How strong is the evidence that big fossil fuel companies knowingly concealed the hazards that they knew would result from the normal use of their fossil fuel products through misrepresentation about those products and deliberately discrediting scientific information related to climate change? Read the impressive amicus brief in the San Mateo litigation. It lays out evidence that the fossil fuel companies had actual knowledge of the risks of their products and had taken “proactive steps to conceal their knowledge and discredit climate science” while at the same time taking steps to protect their own assets from the impacts of climate change.
The brief starts this way:
“At least fifty years ago, Defendants-Appellants (hereinafter, “Defendants”) had information from their own internal research, as well as from the international scientific community, that the unabated extraction, production, promotion, and sale of their fossil fuel products would result in material dangers to the public. Defendants failed to disclose this information or take steps to protect the public. They also acted affirmatively to conceal their knowledge and discredit climate science, running misleading nationwide marketing campaigns and funding junk science to manufacture uncertainty, in direct contradiction to their own research and the actions they themselves took to protect their assets from climate change impacts such as sea level rise.”
In February 2019, Canada’s Office of the Superintendent of Financial Institutions (OSFI) warned insurers that climate liability — the risk of being sued for climate damage — must also be “top of mind.” The OSFI is an independent regulator, supervising 400 financial institutions and 1,200 pension plans.
Within weeks, the OSFI had more reasons for its warning, when a powerful court decision against Canada’s tobacco companies provided another precedent for holding climate polluters liable.
In March 2019, the Québec Court of Appeal denounced just such conduct when it ordered tobacco companies to pay $15 billion in compensation and punitive damages (decision available in French only). This single decision made Canada’s tobacco companies — including Imperial Tobacco and Rothmans, Benson & Hedges — insolvent. Within two weeks, they were in bankruptcy protection.
The companies created doubt in the public mind about the health risks of smoking through “denial, minimization, use of partial science to assert the existence of a scientific controversy … insistence on the weaknesses of the statistical links … transformation of facts into opinions ….”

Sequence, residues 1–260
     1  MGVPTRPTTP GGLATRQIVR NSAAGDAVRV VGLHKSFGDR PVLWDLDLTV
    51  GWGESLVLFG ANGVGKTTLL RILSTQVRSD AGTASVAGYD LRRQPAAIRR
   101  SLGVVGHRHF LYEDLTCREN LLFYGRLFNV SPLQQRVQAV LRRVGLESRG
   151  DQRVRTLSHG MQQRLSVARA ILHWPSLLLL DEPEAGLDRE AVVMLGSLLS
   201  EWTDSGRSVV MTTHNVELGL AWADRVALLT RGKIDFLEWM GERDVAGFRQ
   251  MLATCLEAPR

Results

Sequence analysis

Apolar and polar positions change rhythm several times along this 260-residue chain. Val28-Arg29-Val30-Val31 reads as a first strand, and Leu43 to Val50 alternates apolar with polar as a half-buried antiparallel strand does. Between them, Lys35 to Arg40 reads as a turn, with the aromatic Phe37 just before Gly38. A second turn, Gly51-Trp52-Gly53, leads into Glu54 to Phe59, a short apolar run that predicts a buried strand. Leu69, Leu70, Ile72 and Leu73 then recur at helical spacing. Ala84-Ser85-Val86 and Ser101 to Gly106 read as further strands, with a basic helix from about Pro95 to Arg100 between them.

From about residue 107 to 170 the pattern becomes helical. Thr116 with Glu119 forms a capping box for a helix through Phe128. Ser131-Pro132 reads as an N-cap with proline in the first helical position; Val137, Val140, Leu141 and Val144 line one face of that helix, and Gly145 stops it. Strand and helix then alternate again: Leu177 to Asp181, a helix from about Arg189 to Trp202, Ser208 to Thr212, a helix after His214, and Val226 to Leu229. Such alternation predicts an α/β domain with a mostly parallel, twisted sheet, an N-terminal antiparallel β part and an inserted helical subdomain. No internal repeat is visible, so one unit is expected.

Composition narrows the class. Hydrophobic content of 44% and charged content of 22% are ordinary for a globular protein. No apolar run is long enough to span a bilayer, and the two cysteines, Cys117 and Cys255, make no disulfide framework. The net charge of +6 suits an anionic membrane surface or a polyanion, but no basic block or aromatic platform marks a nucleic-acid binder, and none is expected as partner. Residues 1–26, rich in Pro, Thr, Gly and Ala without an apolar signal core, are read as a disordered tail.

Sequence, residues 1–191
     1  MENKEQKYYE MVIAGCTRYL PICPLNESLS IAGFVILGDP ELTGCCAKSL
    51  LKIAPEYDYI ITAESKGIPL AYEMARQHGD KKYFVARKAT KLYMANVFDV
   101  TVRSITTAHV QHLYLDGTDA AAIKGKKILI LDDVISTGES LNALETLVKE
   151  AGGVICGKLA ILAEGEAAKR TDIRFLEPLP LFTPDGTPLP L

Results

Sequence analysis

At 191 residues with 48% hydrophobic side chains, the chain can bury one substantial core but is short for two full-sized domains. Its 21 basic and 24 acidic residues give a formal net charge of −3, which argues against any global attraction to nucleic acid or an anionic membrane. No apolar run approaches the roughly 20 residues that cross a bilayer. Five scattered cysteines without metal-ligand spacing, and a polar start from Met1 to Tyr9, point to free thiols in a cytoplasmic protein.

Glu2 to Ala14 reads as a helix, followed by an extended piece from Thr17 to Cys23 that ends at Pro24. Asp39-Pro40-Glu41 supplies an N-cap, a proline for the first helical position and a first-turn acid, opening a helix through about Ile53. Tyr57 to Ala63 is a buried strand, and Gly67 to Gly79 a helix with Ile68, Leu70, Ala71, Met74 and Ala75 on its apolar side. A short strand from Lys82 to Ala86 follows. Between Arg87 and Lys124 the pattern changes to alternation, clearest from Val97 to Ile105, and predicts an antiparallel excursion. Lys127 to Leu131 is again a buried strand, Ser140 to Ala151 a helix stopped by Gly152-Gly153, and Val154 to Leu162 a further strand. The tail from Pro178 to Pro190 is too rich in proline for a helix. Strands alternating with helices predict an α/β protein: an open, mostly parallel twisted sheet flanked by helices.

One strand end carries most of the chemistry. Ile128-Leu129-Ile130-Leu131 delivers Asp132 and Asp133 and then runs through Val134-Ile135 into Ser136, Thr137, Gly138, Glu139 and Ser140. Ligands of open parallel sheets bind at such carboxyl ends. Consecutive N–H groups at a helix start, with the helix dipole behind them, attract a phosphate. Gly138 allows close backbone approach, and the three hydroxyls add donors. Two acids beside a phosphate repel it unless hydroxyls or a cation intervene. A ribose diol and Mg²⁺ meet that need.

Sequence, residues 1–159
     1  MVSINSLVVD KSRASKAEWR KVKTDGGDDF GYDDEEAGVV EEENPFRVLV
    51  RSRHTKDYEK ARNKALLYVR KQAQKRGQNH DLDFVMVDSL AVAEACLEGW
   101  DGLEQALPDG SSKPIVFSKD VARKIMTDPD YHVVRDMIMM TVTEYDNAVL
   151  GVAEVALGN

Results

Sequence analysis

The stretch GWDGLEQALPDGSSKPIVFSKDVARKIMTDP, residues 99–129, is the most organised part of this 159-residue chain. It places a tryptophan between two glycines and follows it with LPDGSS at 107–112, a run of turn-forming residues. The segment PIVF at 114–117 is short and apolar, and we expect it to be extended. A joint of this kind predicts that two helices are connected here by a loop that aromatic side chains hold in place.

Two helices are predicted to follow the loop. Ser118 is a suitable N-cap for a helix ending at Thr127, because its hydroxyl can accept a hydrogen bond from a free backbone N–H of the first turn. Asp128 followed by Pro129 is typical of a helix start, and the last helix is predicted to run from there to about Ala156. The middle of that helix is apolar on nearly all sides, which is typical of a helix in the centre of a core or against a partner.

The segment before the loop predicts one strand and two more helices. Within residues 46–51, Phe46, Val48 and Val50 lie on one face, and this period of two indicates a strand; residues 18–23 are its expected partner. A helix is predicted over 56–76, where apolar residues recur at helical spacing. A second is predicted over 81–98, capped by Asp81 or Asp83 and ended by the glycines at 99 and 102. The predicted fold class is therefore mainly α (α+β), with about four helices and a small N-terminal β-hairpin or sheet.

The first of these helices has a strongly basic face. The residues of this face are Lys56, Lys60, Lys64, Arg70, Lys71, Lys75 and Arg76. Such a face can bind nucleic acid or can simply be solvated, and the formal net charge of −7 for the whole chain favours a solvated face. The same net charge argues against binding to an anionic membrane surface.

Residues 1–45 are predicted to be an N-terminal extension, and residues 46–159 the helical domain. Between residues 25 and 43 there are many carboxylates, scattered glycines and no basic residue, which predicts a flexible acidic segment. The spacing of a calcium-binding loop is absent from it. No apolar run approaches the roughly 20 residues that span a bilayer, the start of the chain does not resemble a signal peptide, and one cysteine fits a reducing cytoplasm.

The court illustrated this conspiracy by quoting the companies’ attacks on the credibility of science and scientists. For example, the companies’ campaigns to discourage health regulators from acting on the Royal Society of Canada’s 1989 report, “Tobacco, Nicotine, and Addiction”, included a group letter, stating:
“We regard the Royal Society report as a political document, not a credible scientific review, and we look upon any attempt to brand six million Canadians who choose to smoke as “addicts” as insulting and irresponsible.“
Similarly, the Philip Morris Spokesperson’s Guide coached staff to attack the scientific evidence of addiction.
The court utterly rejected the companies’ excuses that they were merely selling a legal product in compliance with regulations, and that everyone knew cigarettes were dangerous. According to the court, the companies were guilty of:
[B]ad faith behaviour, resulting from a deliberate concealment of the effects of smoking on the health of users, and then from systematic denial, minimization and trivialization of these, based in particular on the idea, cleverly but artificially maintained, of a scientific controversy and on the alleged weakness of the relations between cigarette and diseases or dependence, all coated with a misleading advertising strategy … .
Liability of climate polluters?
It’s not hard to see the parallel between the tobacco and fossil fuel industries. Like tobacco, fossil fuels remain legal and highly regulated products, initially considered harmless but now known to create severe damage. Like tobacco, the fossil fuel industries have spent heavily to mislead and to create doubt and delay. But the time for such doubt has run out.